Your next stop is a winery in the Chianti hills, where you'll tour the vineyards and cellars behind the region's eponymous wine. Made from a minimum of 80% sangiovese grapes, Chianti Classico is made from vineyards within a distinct area that stretches between the cities of Florence and Siena. Learn about the centuries-old production process and then sit down to a tasting of various vintages accompanied by a typical Tuscan lunch of cured meats, cheeses, a primo (usually a pasta course), and a choice of dolce (dessert). 

After lunch, you'll visit nearby Siena and tour the Duomo di Siena, a magnificent Romanesque-Gothic cathedral known for its intricate marble inlay floor and treasures, including works by Bernini, Pisano, and Donatello. Roam the narrow cobbled backstreets until you reach the vast Piazza del Campo, the town's central square and site of the famous Palio di Siena horse race. It's a great spot for aperitivo and to catch a breather before you finish the day with a visit to the medieval fortress of Monteriggioni and head back to Florence for the evening.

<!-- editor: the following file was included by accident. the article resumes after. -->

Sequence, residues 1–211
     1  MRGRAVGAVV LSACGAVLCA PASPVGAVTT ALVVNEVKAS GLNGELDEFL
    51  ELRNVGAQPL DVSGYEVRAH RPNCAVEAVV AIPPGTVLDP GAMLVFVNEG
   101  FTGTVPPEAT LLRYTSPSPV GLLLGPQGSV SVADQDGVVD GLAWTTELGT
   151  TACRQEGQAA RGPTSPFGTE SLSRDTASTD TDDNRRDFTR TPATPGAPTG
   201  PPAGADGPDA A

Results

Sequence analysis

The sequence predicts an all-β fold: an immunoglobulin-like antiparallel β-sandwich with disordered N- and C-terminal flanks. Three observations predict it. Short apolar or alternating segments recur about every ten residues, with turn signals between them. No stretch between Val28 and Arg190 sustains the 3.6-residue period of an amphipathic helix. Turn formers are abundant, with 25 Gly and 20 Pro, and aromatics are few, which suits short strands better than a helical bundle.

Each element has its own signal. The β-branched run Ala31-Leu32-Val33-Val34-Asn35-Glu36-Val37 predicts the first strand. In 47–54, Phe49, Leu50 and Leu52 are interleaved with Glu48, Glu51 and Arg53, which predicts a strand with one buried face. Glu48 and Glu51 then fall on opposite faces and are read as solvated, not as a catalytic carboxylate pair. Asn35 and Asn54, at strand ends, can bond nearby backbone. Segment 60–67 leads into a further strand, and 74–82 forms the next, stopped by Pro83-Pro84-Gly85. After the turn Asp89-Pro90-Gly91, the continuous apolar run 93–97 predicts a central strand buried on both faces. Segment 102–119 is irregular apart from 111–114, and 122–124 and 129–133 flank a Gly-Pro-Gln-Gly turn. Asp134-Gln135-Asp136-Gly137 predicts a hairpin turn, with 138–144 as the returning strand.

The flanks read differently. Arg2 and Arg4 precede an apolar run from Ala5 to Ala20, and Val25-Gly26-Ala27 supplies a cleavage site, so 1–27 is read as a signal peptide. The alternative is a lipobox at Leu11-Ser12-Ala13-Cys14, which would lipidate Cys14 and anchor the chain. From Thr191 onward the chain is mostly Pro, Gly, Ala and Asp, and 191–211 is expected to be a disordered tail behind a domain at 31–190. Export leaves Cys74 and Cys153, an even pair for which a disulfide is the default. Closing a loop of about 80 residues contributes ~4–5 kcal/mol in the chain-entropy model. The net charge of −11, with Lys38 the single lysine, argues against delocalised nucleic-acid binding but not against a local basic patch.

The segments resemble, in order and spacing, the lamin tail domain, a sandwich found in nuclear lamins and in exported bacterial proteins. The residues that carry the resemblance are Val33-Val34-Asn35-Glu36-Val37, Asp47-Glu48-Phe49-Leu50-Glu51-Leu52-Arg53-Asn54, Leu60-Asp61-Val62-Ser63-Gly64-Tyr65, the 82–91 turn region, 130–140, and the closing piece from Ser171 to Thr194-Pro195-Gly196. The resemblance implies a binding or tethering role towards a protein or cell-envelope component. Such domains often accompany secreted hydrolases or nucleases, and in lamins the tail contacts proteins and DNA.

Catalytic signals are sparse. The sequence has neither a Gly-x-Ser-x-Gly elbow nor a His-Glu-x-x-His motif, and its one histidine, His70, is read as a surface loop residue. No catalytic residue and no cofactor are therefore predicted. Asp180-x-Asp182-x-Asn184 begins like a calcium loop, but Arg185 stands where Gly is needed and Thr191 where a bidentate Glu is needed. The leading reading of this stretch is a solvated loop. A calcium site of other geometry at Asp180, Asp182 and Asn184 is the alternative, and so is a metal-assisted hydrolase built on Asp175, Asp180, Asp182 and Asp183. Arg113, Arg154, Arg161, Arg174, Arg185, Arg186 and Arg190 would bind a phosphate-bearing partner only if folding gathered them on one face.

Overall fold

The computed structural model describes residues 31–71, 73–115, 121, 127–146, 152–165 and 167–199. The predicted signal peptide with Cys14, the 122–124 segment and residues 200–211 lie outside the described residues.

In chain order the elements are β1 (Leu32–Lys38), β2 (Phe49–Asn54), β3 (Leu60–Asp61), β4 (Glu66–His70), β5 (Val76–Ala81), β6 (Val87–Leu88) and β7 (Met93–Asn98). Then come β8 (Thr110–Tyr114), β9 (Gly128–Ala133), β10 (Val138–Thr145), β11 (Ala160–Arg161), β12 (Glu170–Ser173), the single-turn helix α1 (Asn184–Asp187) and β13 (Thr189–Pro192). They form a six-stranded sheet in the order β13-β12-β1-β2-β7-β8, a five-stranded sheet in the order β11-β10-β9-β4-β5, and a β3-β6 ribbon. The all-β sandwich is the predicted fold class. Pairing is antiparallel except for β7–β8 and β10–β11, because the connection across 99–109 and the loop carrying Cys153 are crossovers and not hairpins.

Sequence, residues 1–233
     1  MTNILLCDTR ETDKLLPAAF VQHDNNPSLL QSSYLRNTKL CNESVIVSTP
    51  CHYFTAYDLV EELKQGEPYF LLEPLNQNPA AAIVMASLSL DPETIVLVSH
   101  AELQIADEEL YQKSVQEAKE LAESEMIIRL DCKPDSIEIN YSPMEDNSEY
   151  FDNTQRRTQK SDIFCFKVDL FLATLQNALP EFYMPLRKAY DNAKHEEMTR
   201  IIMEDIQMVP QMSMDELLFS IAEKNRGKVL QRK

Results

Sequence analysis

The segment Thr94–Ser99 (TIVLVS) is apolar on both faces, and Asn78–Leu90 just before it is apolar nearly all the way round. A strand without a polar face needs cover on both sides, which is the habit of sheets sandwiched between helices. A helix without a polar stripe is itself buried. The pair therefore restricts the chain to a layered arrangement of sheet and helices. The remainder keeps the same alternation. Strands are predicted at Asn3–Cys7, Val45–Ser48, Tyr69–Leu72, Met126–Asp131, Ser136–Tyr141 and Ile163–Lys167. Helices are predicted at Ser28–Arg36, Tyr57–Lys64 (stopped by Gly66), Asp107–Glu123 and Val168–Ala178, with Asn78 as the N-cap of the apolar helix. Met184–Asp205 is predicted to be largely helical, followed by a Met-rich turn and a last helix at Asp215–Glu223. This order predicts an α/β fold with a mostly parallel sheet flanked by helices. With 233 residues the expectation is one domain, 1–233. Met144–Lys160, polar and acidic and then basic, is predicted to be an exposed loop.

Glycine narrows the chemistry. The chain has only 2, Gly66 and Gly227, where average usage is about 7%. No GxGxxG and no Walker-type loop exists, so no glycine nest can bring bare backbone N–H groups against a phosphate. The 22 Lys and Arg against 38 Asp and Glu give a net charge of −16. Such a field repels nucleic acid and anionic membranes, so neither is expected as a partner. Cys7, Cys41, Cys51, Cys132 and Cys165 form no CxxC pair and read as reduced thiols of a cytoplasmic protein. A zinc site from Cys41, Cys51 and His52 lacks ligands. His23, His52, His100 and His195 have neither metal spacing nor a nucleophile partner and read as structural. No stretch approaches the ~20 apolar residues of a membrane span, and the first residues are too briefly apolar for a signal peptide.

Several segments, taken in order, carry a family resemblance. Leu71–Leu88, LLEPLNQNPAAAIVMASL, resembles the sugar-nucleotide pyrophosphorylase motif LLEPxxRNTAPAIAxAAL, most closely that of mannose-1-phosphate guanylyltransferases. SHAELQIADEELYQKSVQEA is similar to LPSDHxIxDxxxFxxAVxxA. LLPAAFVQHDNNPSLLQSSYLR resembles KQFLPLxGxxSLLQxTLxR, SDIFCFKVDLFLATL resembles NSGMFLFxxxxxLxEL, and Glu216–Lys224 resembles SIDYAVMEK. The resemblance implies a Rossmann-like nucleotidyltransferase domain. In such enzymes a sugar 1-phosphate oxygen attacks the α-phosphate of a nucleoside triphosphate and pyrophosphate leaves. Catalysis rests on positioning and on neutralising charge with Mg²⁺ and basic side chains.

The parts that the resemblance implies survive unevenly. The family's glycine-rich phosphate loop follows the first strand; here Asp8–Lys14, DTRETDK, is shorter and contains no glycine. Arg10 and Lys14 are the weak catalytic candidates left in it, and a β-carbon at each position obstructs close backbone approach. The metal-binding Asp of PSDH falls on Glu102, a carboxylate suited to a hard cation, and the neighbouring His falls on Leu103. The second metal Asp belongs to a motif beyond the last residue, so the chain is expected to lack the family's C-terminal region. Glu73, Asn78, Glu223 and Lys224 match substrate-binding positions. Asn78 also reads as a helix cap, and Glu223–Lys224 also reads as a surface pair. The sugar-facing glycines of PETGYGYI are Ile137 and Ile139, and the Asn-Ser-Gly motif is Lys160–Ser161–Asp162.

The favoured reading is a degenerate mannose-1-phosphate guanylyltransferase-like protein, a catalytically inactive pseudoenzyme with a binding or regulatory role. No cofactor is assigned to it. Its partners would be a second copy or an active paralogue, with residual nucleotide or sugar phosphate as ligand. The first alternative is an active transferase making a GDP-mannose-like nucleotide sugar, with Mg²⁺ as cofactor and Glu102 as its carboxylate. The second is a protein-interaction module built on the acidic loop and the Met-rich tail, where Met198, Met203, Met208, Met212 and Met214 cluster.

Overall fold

Day 5: Train to Rome, Self-Guided Tour of the City

Ancient Roman ruins at sunrise
See ancient ruins, including the incredible Roman Forum

Enjoy one last lingering glance at the Duomo this morning before catching a high-speed train back to Rome. Check in at your hotel, and the rest of the day is yours to explore the "Eternal City" and discover the ancient ruins, art, culture, and food scene that draws millions of tourists each year. First-time visitors shouldn't leave without seeing the Colosseum, the city's iconic amphitheater built by Flavian emperors that served as the epicenter of Rome's public entertainment.

The nearby Foro Romana (Roman Forum) is a must for history buffs, with a vast archaeological site comprising the fascinating ruins of the temples, squares, and religious sites that witnessed some of the Roman Empire's key political spectacles, including the downfall of Julius Caesar. Spend the afternoon wandering the 45 galleries of the Vatican Museum and admiring the frescoed ceiling of the Sistine Chapel and Bernini's celebrated Piazza San Pietro.